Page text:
As we celebrated on sunday World Alheimer's Day, we are pleased to announce that Sylvain Williams and Mallar Chakravarty, both from the Douglas Mental Health University Institute and a team of five other researchers from Toronto have received $1.5 million, over three years, from Brain Canada’s Multi-Investigator Research Initiative (MIRI) with matching funds from the Krembil Foundation. The multi-disciplinary team will study brain circuit function in health and disease, testing novel treatment strategies with the long-term goal of remediating memory deficits in Alzheimer’s Disease.


The project

The onset of Alzheimer's disease is marked by changes in a set of brain regions that support our ability to remember. Several nodes in this network are also known to ‘go rogue’ in the most common form of epilepsy (temporal lobe epilepsy), where altered signals across nodes in this network are thought to lead to the spread of seizures. In both conditions, neural activity becomes dysfunctional, and can scale up to structural changes in other parts of the network, and even brain-wide.


We have brought together a team of researchers with expertise in measuring and manipulating the brain activity in nodes of this network. By modifying the deep-brain stimulation (DBS) technology widely used to treat symptoms of Parkinson’s disease, we will try to selectively influence neural activity to improve memory, enhancing treatments designed for clinical trials in Alzheimer’s patients (e.g. ADvance). We will be working at each phase of this research to determine the best markers of effectiveness that can be used in patients. By enhancing our sensitivity to detect improvement through these treatment protocols, we hope to guide and tailor treatments to work better, faster, and for more individuals.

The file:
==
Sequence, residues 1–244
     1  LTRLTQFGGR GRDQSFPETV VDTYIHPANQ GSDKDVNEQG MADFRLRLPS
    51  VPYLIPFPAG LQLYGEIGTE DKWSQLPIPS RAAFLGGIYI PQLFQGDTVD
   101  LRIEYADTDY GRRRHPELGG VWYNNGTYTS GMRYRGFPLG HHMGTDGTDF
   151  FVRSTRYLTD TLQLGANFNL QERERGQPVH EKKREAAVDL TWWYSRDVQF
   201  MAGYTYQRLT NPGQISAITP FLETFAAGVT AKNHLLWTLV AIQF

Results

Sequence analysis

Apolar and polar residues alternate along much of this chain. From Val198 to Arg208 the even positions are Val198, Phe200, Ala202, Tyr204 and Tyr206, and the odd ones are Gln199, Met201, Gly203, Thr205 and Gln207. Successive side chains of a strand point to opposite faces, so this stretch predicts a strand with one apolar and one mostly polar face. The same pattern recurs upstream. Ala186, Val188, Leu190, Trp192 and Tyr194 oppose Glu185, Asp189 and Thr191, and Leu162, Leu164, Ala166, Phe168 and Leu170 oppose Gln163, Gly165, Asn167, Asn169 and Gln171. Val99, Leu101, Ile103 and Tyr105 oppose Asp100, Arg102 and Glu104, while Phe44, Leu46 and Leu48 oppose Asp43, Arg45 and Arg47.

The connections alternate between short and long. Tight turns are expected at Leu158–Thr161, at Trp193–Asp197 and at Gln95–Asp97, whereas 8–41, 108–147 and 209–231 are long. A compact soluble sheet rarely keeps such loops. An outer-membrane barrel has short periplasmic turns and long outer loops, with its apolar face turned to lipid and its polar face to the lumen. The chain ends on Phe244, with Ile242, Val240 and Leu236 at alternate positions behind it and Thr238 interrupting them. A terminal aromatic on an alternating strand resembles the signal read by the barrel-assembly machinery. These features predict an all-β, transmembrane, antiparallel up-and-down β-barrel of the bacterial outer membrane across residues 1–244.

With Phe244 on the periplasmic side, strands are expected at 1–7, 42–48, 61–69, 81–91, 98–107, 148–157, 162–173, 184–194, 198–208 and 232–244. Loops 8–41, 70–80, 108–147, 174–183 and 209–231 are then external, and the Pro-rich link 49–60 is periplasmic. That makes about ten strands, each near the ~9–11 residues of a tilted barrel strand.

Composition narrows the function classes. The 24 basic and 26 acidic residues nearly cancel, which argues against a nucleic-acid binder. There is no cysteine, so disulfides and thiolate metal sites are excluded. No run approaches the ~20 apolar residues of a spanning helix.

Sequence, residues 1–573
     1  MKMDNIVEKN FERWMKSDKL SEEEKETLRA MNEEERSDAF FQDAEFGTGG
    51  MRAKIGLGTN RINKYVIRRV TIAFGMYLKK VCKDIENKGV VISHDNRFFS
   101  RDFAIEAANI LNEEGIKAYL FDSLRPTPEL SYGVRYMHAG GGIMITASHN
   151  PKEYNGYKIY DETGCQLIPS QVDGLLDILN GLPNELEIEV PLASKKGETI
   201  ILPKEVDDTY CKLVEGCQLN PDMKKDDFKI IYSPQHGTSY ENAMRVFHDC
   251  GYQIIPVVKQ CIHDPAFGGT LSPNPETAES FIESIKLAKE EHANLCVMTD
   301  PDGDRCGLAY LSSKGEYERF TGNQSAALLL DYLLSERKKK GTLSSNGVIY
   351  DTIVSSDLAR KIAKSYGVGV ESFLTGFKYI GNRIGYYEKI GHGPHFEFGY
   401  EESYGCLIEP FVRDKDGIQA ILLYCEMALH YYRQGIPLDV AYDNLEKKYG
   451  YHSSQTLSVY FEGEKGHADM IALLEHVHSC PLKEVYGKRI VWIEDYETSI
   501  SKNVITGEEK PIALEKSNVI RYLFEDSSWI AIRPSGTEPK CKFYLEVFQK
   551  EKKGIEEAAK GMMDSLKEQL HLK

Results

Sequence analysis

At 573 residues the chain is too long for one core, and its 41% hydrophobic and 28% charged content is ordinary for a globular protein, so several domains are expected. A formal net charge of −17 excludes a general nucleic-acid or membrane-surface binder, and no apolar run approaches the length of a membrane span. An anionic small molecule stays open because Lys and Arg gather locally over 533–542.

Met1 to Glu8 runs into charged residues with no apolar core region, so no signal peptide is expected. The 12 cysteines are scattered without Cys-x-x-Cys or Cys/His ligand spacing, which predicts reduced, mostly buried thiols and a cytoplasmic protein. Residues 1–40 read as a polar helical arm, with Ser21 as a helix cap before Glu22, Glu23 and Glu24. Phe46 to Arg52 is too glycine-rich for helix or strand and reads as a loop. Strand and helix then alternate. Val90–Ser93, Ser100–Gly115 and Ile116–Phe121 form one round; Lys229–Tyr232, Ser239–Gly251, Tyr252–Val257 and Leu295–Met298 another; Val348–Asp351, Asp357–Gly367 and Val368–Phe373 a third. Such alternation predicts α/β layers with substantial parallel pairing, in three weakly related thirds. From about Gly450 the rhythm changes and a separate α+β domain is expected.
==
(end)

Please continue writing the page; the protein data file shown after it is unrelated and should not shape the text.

The funding

·         This award is 1 of 11 MIRIs awarded this year to research institutions throughout Canada (1 is a bulk grant to UBC Alzheimer’s, see fact sheet link below).

·         Half of the funds are provided from Brain Canada, with a match ($750k) from the Krembil Foundation

·         This is the second Krembil Foundation contribution to Dr. Hoffman’s research.


The prevalence of Alzheimer's disease and related dementias will grow from the current 500,000 Canadians to more than 1.1 million within a generation and is expected to drive the total economic burden associated with the disease from $15-billion to more than $153-billion (Alzheimer’s Society). In addition to the human and economic costs, this explosive growth underscores the need to better understand this devastating disease and improve therapies and outcomes.


For information and interviews

Florence Meney
Media relations
Communications and Public Affairs
Douglas Mental Health University Institute
Dobell Pavilion, office B-2122
6875 LaSalle Blvd.
Montréal (Québec) H4H 1R3

Tel: 514 761-6131, ext. 2769
Cell : 514-835-3236